We welcome the decision to launch an independent investigation, and we urge the Government to ensure that the investigation has a mandate to cover allegations of human rights violations since the unrest in Oromia began in November 2015, that it is indeed independent, transparent, thorough and effective, with a view to establishing whether the use of excessive force occurred and with a view to bringing to justice the perpetrators of any human rights violations.
We stand ready to assist in ensuring that the investigation is undertaken in line with international human rights standards. We also reiterate our request for access to the affected areas, as the situation on the ground makes it very challenging for independent civil society actors to operate, particularly given the tense situation in parts of the Oromia and Amhara regions, where a large security presence has reportedly been deployed, and there are reports of ongoing arbitrary arrests, intimidation and harassment of people in the regions.
We call on the Government to ensure that the rights to freedom of peaceful assembly and expression are protected and that those detained for exercising these rights are promptly released. Protests must be handled by security forces with full respect for international human rights laws and standards on the use of force.
We also call on the Government to work towards opening up the political and democratic space. This should include a comprehensive reform of the security sector, as well as legislative and institutional reforms.
We are very concerned about the continued, mounting constraints on the democratic space in Thailand, and call for a prompt return to civilian rule. Following the military coup in May 2014, severe restrictions on freedoms of expression and opinion and assembly have been in place through the use of criminal and military laws and orders. Leading up to this month’s Constitutional Referendum, these measures actually increased. Overall, at least 1,300 people have been summoned, arrested or charged, and 1,629 civilians have been tried before the military courts.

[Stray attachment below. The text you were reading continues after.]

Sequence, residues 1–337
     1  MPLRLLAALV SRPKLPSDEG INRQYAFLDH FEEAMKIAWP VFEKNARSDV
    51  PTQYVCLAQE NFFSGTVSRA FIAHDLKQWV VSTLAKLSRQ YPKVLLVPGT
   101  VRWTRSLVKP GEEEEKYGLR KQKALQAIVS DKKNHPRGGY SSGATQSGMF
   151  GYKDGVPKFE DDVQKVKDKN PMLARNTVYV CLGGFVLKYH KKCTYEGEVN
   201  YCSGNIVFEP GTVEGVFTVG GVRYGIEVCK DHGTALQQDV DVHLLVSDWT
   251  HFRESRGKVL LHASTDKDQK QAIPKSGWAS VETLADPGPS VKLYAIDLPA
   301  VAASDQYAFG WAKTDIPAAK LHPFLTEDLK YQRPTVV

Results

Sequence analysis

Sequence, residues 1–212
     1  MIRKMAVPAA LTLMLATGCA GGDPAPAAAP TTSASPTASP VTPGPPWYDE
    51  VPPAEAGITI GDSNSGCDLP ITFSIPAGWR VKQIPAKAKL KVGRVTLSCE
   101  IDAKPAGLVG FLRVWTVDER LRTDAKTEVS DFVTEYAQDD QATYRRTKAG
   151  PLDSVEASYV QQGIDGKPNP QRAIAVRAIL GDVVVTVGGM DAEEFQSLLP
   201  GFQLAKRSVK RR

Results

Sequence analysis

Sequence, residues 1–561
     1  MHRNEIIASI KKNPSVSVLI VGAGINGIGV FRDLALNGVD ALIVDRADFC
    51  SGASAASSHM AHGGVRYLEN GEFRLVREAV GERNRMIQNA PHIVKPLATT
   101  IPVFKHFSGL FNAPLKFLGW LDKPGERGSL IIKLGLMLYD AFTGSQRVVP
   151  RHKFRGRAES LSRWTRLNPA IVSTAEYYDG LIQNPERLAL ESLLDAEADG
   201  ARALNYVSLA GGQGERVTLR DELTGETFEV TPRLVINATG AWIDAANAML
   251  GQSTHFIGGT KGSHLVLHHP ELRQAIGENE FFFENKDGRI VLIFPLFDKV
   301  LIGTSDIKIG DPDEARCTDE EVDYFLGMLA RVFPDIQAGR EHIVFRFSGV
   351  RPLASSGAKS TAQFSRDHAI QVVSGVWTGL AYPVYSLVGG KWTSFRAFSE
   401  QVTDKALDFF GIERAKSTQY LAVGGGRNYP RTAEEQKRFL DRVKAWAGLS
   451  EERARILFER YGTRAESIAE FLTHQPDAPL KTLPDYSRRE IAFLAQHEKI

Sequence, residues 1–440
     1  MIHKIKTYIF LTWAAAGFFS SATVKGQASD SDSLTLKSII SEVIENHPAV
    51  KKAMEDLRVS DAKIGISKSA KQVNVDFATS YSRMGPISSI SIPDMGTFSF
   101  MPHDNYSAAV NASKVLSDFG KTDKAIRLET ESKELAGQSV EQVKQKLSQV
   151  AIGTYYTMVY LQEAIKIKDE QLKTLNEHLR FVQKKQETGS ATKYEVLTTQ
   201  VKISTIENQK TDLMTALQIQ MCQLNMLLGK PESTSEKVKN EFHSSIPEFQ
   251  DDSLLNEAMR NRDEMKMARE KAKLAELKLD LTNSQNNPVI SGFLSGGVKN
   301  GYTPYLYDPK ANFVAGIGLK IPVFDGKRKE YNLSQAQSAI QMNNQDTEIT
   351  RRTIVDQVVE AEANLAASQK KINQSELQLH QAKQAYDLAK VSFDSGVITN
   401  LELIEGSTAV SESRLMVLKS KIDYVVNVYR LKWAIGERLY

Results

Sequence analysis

Since June, at least 115 people have been arrested or charged under military orders, criminal codes and the Constitution Referendum Act for expressing their opinion on the draft constitution or reporting human rights violations, including torture. Twelve individuals arrested in Chiang Mai Province in late July and a student activist who was arrested on 6 August remain in detention. The remaining have been released, but remain under investigation or have been charged.
We urge Thailand to immediately drop all charges against political activists and human rights defenders, and to release those jailed for voicing dissent on the draft charter in the run-up to the referendum. We also call on the authorities to suspend the use of military courts and military orders in cases involving civilians. These measures are now urgently needed as Thailand moves towards an election in 2017 aimed at restoring democracy, as proposed in the military government’s roadmap.
The election next year represents an opportunity for Thailand to meet the commitment it made at the UN Human Rights Council during its Universal Periodic Review in May 2016 to fully respect the freedom of expression, and therefore guarantee a more inclusive and participatory process that involves all political parties, civil society and the media in an open and non-threatening environment.